Seeking more information on Jewish families escaping from Ukraine to China #ukraine

jane beckerman

Seeking more information on Jewish families escaping from Ukraine (Henischesk, port in Taurida province in my case) to Harbin then Shanghai in early 1920s. Travelled by train overland (I think). How much did it cost? How afford it? Why decide on China?
Names: Zaslavsky, Beckerman, Kaplan, Boochik, Persoff (Person)

Jane Beckerman


Jane, my grandparents also moved from Ukraine to Harbin. (They did not proceed to Shanghai, though many others did.) I cannot answer your question as to costs, but I can answer your question as to why. Ukraine was beset by pogroms, civil war, and famine after the Russian revolution(s). Earlier, the czarist government had been eager to populate Harbin, a hub of the Chinese Eastern Railway connecting western Russia with Vladivostok, with capable workers. Restrictions that severely limited the freedoms of Jews in Ukraine and elsewhere in Russia were therefore lifted for Jews in Harbin. In other words, they could live in any neighborhood in Harbin, attend any school, and have more freedom in employment than they could in Russia. In the 1920s, Harbin also attracted Jewish and no-Jewish opponents of Bolshevism and communism. Things fell apart later, but in 1920 Harbin was an attractive option for many Jews.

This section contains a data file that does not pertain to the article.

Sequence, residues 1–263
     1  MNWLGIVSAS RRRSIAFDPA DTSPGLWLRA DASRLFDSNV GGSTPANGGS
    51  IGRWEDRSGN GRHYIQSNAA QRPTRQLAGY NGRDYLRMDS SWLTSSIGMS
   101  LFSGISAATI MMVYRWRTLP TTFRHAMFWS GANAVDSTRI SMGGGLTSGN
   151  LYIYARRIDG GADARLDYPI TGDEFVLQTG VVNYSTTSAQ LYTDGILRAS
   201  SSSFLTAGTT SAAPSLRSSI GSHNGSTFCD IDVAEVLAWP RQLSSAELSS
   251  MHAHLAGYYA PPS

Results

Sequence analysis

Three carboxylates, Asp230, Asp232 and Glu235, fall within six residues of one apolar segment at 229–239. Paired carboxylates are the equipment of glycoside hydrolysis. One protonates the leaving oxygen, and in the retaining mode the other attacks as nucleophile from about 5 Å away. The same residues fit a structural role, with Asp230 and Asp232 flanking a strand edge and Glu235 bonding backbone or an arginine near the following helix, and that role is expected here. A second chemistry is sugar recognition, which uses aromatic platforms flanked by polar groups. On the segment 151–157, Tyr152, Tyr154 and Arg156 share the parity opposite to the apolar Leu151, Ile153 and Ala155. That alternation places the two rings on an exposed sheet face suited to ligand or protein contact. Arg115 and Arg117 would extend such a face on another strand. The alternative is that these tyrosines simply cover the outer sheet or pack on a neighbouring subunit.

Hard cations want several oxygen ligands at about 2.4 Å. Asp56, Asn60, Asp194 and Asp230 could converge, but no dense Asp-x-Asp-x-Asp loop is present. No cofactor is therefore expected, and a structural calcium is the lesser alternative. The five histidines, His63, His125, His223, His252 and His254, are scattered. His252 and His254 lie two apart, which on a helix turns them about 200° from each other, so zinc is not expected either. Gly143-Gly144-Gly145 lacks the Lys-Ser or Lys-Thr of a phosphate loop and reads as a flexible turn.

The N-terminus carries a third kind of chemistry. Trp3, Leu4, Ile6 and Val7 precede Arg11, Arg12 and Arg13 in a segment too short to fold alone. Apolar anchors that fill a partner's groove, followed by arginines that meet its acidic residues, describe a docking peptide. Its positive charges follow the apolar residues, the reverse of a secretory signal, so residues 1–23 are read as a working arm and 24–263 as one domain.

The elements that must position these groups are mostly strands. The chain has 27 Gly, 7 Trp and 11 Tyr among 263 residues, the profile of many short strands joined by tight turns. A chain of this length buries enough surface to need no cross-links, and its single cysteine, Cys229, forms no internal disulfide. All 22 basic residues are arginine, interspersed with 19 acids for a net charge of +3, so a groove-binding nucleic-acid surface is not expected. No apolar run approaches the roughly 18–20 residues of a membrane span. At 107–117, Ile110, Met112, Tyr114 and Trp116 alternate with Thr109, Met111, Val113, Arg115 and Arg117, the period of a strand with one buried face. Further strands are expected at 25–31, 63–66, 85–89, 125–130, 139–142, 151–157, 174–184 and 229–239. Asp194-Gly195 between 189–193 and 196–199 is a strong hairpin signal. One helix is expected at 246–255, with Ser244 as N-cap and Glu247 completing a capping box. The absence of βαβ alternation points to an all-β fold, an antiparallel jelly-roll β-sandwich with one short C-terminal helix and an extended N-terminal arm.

Jean Ispa

Yale Reisner


Many of the migrants to Harbin, China were assisted there by HIAS (the Hebrew Immigrant Aid Society) or its sister agency HICEM.  You might want to inquire of HIAS which is still active:

Yale J. Reisner
Warsaw, Poland
(a former HIAS employee)

Amy Wisotsky

Hi Jane, I have two letters – dated 1932 and 1933 from a distant relative through marriage.  They lived in Harbin but in the letter he refers to it as Charbin.  Lots of interesting information and family names – not mine.

Here are two interesting references: 

1.  They lived in the Far East – Charbin which I believe would be Harbin from abt 1887 – 1925 when they left on an Indian ship and sailed via Port Said and Palestine to Marseilles.  It appears they were originally from Rumania and Russia.

2.  He also talked of his 5th daughter Yehudeth who was killed with her husband by robbers in Charbin about 12 years ago (the letter was dated 1933). 

Amy T. Wisotsky
Louisville, KY

Lewis, Megan

Another aid organization was the The archives of the Far Eastern Jewish Central Information Bureau (DALJEWCIB) Harbin-Shanghai.  The original records are at the Central Archive for the History of the Jewish People, but the United States Holocaust Memorial Museum has the records on microfilm, which we then digitized. The digital images aren't available online, but there is a register of people in the collection attached to the catalog record.

Megan Lewis, reference librarian